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Israel was again in the Russian press; not as a champion of chess, but as
champions of music.

The Israel Philharmonic Orchestra commemorated the 20th anniversary
of the resumption of diplomatic relations between Israel and the Russian
Federation with a festive concert in Tchaikovsky Concert Hall, Moscow.

The concert, conducted by Zubin Mehta with pianist Denis Matsuev, was
co-hosted by the Israeli Ambassador and a special envoy of Vladimir
Putin. Zubin Mehta was awarded an Honorary Doctorate Degree from
the Russian Academy of the Arts at intermission.

The concert was attended by members of Moscow’s Jewish and Israeli communities, and representatives of the diplomatic corps. The program of Beethoven and Tchaikovsky was broadcast live on national television.


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Swine fever strikes the IPO.

No, we’re all fine; there are no pandemics in the IPO, but we were seriously hurt by swine fever this evening, our last night in Brazil.  It’s winter in the Southern Hemisphere and the flu season is at its peak.  In order to prevent the spread of the flu virus health authorities of Parana, Brazil’s most southern state, closed schools and issued a warning against large congregations of people. 

The IPO found itself in the high risk category! Bottom line: it was extremely difficult to sell tickets to the IPO and the beautiful Teatro Positivo in Curitiba was only about half full of the bravest (and healthiest) concert goers. 

In the meantime, 2 mutations of Swine fever (Shapa’at hachazirim) have been discovered in the orchestra: “Shapa’at hachazanut” (Cantorial fever), first seen in Tel Aviv, and “Shapa’at hachazarot” (Rehearsal fever), a high temperature and sore throat brought on by too many rehearsals.  The IPO toured China at the height of the “Saars” outbreak and now fearlessly in South America with the “Swine.”

The only hard evidence of the dreaded “swine” was two security guards who stood behind the bass section coughing their way through the concert.  

Tuesday morning we left in the pouring rain for Buenos Aires after eight concerts in Brazil.  Members of the IPO who have been coming to South America over the years were unanimous in their admiration of the progress Brazil has made.  In every city we visited, we saw blocks of new apartment buildings, up-scale shops, shopping malls, the newest models of cars, and a general feeling of prosperity.  The threatening atmosphere in the streets has been replaced by the bustle of people trying to improve their standard of living.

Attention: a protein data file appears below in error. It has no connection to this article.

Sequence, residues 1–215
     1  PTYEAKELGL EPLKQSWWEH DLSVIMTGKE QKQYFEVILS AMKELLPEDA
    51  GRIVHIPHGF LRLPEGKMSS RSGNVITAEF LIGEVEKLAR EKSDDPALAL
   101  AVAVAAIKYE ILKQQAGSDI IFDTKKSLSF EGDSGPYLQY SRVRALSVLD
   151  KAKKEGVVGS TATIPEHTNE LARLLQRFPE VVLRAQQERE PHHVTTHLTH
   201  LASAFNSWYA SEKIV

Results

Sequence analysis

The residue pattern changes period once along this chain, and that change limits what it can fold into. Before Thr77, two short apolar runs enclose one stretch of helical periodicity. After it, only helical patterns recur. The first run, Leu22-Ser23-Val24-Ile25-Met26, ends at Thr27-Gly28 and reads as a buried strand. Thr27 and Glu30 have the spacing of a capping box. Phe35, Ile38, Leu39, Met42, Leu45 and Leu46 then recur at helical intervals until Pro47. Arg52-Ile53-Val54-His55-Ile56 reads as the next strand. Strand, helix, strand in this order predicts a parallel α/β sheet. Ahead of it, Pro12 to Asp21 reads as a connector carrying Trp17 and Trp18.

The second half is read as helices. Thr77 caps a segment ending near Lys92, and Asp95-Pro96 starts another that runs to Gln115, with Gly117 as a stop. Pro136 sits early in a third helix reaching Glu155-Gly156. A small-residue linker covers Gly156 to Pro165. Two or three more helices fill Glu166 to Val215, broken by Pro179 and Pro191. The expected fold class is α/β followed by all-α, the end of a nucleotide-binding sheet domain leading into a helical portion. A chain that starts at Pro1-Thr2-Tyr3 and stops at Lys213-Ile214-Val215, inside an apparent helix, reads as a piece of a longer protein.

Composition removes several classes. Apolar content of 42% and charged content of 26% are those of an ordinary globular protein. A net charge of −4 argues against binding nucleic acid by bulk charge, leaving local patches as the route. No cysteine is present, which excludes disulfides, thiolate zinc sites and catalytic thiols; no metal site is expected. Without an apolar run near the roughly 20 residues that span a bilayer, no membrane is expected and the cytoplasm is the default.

Sunday morning, after performing at Teatro Dom Pedro II in Ribriero Preto, the IPO drove 200 km. in the direction of San Paulo.  Brazil’s “green” power was apparent in the 3 hour trip across rolling hills.  Fields of sugar cane used for bio-fuel in Brazil’s cars, or refined to make Cachasa, Brazil’s vodka, stretched to the horizon.  The changing shades of green were sometimes broken by orange and avocado groves or grazing cattle.  It was an incredibly pastoral scene under warm, blue skies.

 Shelly and Micha on the bus

Sunday’s afternoon concert took place outdoors in Paulinia. Four years ago, the IPO appeared with Zubin Mehta in Campinas, the neighboring municipality, and enjoyed an incredible success with thousands attending. Once again, more than 12,000 people attended, some arriving hours before to catch a good seat. 

Waiting for Tico Tico

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Saturday was the Israel Philharmonic’s first visit of to one of the most prosperous areas of Brazil: Ribeirao Preto. 

This area of Brazil is the “California of South America” for its year-round warm climate, argicultural economy; in the 19th century coffee, citrus and sugar, and in the 21st century for its industry and high-tech.  During the 80’s and 90’s, the growing of sugar cane and its conversion to alcohol became central for the creation of bio-fuels for automobiles.  At the beginning of the 19th century, coffee drove the economy.  

The city boasted European-style cafes, caberets and opera houses, two of them!  The only survivor, Teatro Dom Pedro II, has been modernised and today is the home of the local symphony orchestra and the venue for Saturday’s IPO concert.  Pedro II was the second and last Emporer of Brazil.  He gradually emancipated the African slaves and permitted  the republican movement to take hold. 

Saturday afternoon, after two flights from Rio, the IPO checked into the JP Resort Hotel, complete with outdoor swimming pools and tennis courts.  We were met the reception by a brass ensemble.  There was just enough time to gather around the pool before a concert of Strauss and Beethoven in the evening.

greeted by brass ensembleIPO OpenQuartetto Piscina

Last night, the Israel Philharmonic shared its concert hall with the Broadway Musical “Hair Spray.”   The beautiful Teatro Municipale, our usual venue, is in renovations, the new arts center is still being built, and the only hall available, Teatro Oi Casa Grande, may be perfect for Broadway but it was terrible for Beethoven.